Raffle House
The changing dynamics in the mortgage market, marked by a competitive pricing war, have contributed significantly to the recalibration of house price forecasts. Raffle House

UK house prices are poised to defy earlier predictions of a decline in 2024 as mortgage pricing competition and Bank of England interest rate reductions reinvigorate the property market.

Following a year marked by continuous price decreases in 2023, the forecast for UK house prices now anticipates a 3 per cent increase in 2024. This adjustment comes in contrast to their earlier projection of a 4 per cent decline.

In the context of diminishing inflation and mounting expectations of interest rate cuts by the Bank of England, the recent upswing in mortgage approvals is anticipated to translate into a noteworthy 10 per cent or more uptick in property transactions throughout the year.

Asking prices for new sellers experienced an average increase of 1.3 per cent, equivalent to £4,571, between December and January.

This surge represents the most substantial rise for this time of the year since before the onset of the pandemic.

The changing dynamics in the mortgage market, marked by a competitive pricing war, have contributed significantly to the recalibration of house price forecasts.

This, coupled with the widespread anticipation of interest rate cuts by the Bank of England, has injected newfound optimism into the property sector, prompting a revision of earlier projections.

The expected rise in property transactions is viewed as a tangible outcome of the increased mortgage approvals witnessed in recent months.

Economists and property experts attribute this positive outlook to a combination of factors, including sustained economic resilience, low interest rates and a gradual recovery from the impacts of the COVID-19 pandemic.

The forecasted growth is expected to benefit homeowners looking to capitalise on the appreciation of their properties and create opportunities for those entering the market.

Amidst the ongoing challenges posed by the pandemic, the UK housing market has displayed remarkable resilience.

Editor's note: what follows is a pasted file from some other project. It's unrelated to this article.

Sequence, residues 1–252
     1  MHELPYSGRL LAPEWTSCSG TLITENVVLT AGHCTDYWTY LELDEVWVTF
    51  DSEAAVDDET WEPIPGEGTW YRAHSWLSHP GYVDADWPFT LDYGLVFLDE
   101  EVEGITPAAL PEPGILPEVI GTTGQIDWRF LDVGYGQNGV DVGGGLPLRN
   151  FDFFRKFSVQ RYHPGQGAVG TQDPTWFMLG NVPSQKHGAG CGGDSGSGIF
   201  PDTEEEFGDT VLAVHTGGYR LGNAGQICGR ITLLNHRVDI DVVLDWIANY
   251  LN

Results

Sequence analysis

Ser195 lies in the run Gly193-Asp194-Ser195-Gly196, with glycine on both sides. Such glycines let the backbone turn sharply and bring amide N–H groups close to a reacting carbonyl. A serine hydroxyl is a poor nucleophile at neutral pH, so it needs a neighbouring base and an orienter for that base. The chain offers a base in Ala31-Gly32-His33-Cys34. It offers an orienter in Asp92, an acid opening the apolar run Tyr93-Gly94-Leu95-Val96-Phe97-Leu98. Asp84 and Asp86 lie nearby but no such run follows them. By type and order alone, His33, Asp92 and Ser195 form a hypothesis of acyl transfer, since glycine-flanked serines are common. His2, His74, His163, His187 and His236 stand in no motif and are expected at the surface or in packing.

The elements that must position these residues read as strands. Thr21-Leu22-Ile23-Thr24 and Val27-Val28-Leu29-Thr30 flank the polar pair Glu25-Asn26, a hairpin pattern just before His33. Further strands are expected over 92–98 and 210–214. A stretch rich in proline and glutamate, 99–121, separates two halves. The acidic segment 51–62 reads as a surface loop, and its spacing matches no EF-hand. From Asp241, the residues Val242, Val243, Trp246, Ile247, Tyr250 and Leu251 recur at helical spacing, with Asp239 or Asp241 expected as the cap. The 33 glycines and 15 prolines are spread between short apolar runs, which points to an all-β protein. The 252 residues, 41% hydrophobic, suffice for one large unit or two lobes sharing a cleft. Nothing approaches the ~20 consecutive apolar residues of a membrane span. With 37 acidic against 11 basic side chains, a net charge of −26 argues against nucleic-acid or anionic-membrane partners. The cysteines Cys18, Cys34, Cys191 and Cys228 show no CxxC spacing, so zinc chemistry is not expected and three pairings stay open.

Earlier forecasts from banks, building societies and estate agents uniformly projected a decline in house prices for 2024.

However, a series of unforeseen monthly increases over the past three months, coupled with a more substantial than anticipated drop in the official UK inflation rate, has prompted a reevaluation of these predictions.

The government's initiatives, such as the extension of the stamp duty holiday and various support schemes, have played a pivotal role in stabilising the sector and fostering confidence among buyers.

Additionally, the low-interest rate environment, a key feature of the post-pandemic economic strategy, has incentivised property investment.

While political analysts suggest that this could be advantageous for Rishi Sunak in an election year, millions of homeowners are still anticipated to confront a significant surge in monthly mortgage repayments as they approach the conclusion of more affordable deals.

Critics of Sunak have labelled this scenario a "Tory mortgage timebomb", foreseeing that up to 1.5 million households will conclude their cheaper deals in 2024.

This could result in an annual increase in housing costs of approximately £1,800 for a typical family.

The geographical variations in property markets across the UK are also worth noting.

While metropolitan areas and regions with strong economic growth are expected to drive the overall increase, there may be variances in the extent of price appreciation in different parts of the country.

Local factors, such as employment opportunities, infrastructure development and regional economic performance, will likely influence the regional disparities in house price growth.

In its report, global property consultancy Knight Frank said: "The ongoing conflict in the Red Sea and the potential threat it poses for higher UK inflation is another looming risk."

This acknowledgement underscores the complex interplay of geopolitical events and global economic factors that can influence the domestic financial landscape.

While challenges persist, the overall sentiment remains positive, reflecting the resilience and adaptability of the property market in the face of evolving circumstances.